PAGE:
Sunday, May 29, 2005

Summer school

I enjoy being able to focus on a few things, rather than try to work on many at the same time. Thus, summer school has been quite enjoyable. I am taking Liturgical Greek. As I mentioned before, I like Greek and I enjoy looking at the intricacies of a language which was in an important process of change between the time of the Septuagint translation and that of the writing of the New Testament.

A second interesting part of summer is that most students are away, which leaves only a few of us in charge of the chapel. It's a learning process and there are still a number of things I need to put on my daily check-up list (not least of which is making sure I look over the hymns for Vespers). I guess there really isn't a better way to learn about the services of the Church than by being directly involved every day and having people who know better make sure everything gets done.

Well, this is my catch-up blog. I'll try and formulate a few thoughts about the liturgical day versus the secular day in the near future.

Sunday, May 22, 2005


Yesterday was graduation. Today, a number of the graduates have already left. It feels significantly different from my other schools. Perhaps it is that the school is so small you get to know the name of almost everyone on campus. Perhaps it is that here we are all preparing to work for the Church. Whatever it is, I will miss those who have gone. Some I have gotten to know fairly well, some very little. Still, I saw them in chapel and we prayed together; we walked past one another and said "Hristos anesti." So here's to you: Dn. Joe, Dn. John, Fr. Agathonikos, Dn. Andrew and everyone in the class of 2005. May the Lord guide you and may you serve Him well. May our paths cross again.

Friday, May 20, 2005

Finals grumbling

I'm behind on replies and posts, but I have only one more exam and I'll try to catch up after that. Now for the grumbling. If I were an elephant, the New Testament exam would have gone much better. As it is, I tried to be too smart for my own good. The exam instructions said "The passages requiring identification and comment will bre related, to the fullest degree possible, to the particular circumstances and issues of a specific NT book." Sadly, since I can't remember passages word for word, I tried looking into the passage for clues and I found the wrong one...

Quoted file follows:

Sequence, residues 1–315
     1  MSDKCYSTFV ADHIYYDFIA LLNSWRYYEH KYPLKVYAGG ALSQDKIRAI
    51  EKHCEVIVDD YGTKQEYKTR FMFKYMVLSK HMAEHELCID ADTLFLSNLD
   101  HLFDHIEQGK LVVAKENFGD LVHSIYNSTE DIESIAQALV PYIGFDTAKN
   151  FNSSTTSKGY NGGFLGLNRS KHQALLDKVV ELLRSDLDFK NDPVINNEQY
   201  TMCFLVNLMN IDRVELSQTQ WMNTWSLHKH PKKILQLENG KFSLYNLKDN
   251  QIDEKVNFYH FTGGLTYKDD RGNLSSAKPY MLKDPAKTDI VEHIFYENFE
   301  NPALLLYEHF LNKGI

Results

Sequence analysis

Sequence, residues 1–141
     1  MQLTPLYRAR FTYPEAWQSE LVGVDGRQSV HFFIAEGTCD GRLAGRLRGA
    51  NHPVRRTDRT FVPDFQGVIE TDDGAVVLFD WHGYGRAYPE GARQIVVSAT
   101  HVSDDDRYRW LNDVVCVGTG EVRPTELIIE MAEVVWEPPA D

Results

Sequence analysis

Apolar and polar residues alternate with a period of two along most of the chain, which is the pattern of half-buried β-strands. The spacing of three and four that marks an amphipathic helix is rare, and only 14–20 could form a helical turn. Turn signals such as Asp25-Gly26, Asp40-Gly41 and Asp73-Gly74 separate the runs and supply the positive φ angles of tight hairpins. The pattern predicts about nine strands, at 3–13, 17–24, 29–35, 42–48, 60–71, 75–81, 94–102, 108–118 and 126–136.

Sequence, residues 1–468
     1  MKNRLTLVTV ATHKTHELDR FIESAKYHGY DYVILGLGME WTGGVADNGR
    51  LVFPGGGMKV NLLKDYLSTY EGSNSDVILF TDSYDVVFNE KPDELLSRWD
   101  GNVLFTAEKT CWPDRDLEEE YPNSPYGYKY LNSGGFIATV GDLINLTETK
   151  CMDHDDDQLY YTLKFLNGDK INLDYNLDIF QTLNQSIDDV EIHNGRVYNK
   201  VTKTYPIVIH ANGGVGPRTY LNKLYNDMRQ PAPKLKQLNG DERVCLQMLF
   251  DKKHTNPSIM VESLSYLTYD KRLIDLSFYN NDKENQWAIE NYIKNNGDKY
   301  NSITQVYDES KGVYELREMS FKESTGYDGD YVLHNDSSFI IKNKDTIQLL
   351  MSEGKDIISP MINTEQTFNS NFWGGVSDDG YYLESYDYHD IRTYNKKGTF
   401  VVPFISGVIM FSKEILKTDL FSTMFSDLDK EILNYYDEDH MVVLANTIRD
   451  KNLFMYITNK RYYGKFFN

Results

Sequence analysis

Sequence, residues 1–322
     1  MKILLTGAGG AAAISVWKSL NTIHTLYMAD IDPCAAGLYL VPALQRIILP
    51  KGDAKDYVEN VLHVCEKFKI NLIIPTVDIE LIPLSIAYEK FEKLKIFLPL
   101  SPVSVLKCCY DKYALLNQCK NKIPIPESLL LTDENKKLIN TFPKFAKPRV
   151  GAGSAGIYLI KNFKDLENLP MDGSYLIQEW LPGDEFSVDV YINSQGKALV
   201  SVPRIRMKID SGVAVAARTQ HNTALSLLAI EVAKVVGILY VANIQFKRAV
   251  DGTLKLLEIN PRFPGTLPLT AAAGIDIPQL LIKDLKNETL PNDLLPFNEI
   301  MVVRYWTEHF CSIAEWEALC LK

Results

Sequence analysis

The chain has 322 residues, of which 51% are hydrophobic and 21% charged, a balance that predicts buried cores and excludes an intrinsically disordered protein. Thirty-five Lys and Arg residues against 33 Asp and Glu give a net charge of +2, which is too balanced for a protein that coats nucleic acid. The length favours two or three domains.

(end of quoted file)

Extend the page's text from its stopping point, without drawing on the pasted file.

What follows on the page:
"Brothers, as an example of patience in the face of suffering, take the prophets who spoke in the name of the Lord. 11As you know, we consider blessed those who have persevered. You have heard of Job's perseverance and have seen what the Lord finally brought about"

Since in class we focused on 1 Peter as the epistle that most deals with suffering, I said 1 Peter. I should have looked at Job -> righteousness -> James. grumble.

Saturday, May 14, 2005

Late evening rumination

I'll start of with the less serious part of my late night thinking and go on to more serious things towards the end.

As I was reading the second comment to my previous blog - brief and pertinent, good qualities both - I noticed that the author of the post was anonymous. This got me thinking - I tend to prefer comments to which a name is attached. On the internet a name does not have to mean anything (there's no face associated with it, no way to verify its source), still there is something about a name that seems to make a difference - at least to me.

This is not to say that people should not post anonymously - one of the beauties of the internet is the exchange of ideas that can occur between people who have never met in real life and, objectively speaking, the identity of the author does not impact the validity of a comment. In the end, I enjoy any relevant, well-crafted post and I will try to reply to any comments. I guess this is sort of a late night 'what's in a name?'

As a side-note - in time I had reached the conclusion that engineering is not so much a job/occupation as a mindset. In that regard, I have often tended to try and optimize the way I spend my time, juggling things so I can squeeze as many things as I could into a day. From this perspective, anonymous posts make sense (it is probably the fastest choice in posting a comment, though I have not done any statistically significant studies on the matter).

The topic does bring to mind a more serious matter. I wonder about being anonymous (or trying to be anonymous) out in the world. I realize that there are many circumstances where maintaining anonymity is the safe way to go: whistleblowers incur significant risks, criticism (even of the well-meaning variety) can lead to animosity... At the same time, there is the issue of taking responsibility for actions/beliefs. In today's world as Christians it is often very difficult to take that responsibility: Christian opinion can lead to social isolation, one can be be accused of inflexibility, judgmentalism, etc.

From what I have seen, most of us are creatures of habits - some ingrained, some acquired, some developed. I see no reason why taking responsibility should not be such a habit. The converse of building this habit is - by default - the contrary habit of not taking responsibility for our actions and beliefs and not standing up in their defense. In this context, the question to which I do not have the answer is: if we build up the non-responsibility habit, will we be able to break out of it for important issues? Perhaps some will, but I tend to think that most of us would have a difficult time doing that. The question for whose answer I am searching is thus "How can the Church (and, specifically, those of us who, by the grace of God, will be responsible for the faithful) nurture and develop a culture in which love of neighbor and openness to new thought can coexist with responsibility towards our beliefs?"